On Thu, 2004-04-22 at 09:46, Giuliano Pochini wrote:
> On Thu, 22 Apr 2004, jamal wrote:
> > On Thu, 2004-04-22 at 04:23, Giuliano Pochini wrote:
> > > Yes, but it is possible, expecially for long sessions.
> > In other words, 80% or more of internet traffic would not be affected
> > still using http1.0 would not be affected.
> > And for something like a huge download to just regular joe, this is more
> > of a nuisance assuming some kiddie has access between you and the
> > server.
> No, TCP/IP is 100% vulnerable to the man-in-the-middle attach.
> There is no cure for that.
Unless its a private network with locked vaults for the pipes, any
network is vulnerable.
I am not trying to downplay the relevance of this; all i am saying
is it may a little overhyped with the media being involved. Its
infact harder to create this attack compared to a simple SYN attack.
On Thu, 2004-04-22 at 09:58, Florian Weimer wrote:
jamal <hadi@xxxxxxxxxx> writes:
> > OTOH, long lived BGP sessions are affected assuming you are going across
> > hostile path to your peer.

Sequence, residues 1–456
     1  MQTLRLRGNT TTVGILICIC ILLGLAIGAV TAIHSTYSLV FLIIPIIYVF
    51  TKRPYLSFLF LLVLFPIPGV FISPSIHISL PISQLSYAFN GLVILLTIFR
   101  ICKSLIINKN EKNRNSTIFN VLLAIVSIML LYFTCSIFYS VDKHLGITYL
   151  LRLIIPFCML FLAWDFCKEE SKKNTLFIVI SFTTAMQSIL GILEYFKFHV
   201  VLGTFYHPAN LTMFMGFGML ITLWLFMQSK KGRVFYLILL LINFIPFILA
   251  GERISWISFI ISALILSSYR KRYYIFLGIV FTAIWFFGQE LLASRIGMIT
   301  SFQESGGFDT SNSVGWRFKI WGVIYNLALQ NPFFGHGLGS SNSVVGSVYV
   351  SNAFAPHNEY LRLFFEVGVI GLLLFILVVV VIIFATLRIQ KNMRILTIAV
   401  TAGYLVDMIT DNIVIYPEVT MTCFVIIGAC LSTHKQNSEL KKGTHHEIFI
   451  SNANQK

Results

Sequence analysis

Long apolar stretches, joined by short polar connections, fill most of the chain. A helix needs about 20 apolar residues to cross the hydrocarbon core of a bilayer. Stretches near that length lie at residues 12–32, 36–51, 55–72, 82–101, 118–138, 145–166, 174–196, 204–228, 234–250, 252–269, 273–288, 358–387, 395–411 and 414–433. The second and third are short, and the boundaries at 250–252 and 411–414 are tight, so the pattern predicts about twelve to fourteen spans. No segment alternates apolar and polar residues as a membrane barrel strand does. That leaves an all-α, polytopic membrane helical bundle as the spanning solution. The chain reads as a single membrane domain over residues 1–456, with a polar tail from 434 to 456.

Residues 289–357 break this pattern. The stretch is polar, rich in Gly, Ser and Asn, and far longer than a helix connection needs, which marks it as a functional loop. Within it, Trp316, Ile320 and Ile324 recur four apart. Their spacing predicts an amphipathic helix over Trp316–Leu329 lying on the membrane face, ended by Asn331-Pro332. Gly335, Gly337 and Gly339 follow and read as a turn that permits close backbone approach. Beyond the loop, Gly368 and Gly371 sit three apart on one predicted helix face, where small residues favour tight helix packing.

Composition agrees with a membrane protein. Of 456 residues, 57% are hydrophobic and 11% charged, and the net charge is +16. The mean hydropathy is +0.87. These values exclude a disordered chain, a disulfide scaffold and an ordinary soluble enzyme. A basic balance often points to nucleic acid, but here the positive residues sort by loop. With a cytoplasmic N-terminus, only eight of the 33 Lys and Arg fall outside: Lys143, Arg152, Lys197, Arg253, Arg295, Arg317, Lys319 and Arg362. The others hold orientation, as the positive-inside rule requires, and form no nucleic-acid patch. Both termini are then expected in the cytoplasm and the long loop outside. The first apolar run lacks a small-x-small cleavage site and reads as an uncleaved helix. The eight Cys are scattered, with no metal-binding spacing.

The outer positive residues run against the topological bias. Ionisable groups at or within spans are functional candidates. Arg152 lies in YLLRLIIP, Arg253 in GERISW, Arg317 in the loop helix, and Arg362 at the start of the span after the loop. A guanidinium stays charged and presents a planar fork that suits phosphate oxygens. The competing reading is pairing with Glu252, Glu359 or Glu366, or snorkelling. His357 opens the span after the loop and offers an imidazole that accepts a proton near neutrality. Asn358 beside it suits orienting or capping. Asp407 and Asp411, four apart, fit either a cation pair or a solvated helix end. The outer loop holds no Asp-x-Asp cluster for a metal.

> Hostile path is not required. Not at all. 8-(
Unless i misunderstood:
You need someone/thing to see about 64K packets within a single flow
to make the predicition so the attack is succesful. Sure to have access to
such capability is to be in a hostile path, no? ;->
> And it's not BGP specific. You might be able to use this attack to
> split IRC networks, too. However, it's a bit harder in this case
> because IRC servers usually use more random source ports.
Any long lived flow with close to fixed ports. FTP from kernel.org could
be vulnerable - get a better client and its just becomes a nuisance.
80% of the internet traffic is still TCP/HTTP1.0 which is very
short lived (there could be changes lately - these are numbers from
a while back) i.e you wont see more than 8 packets i.e it is highly unlikely
your traffic there is affected even if you used fixed ports.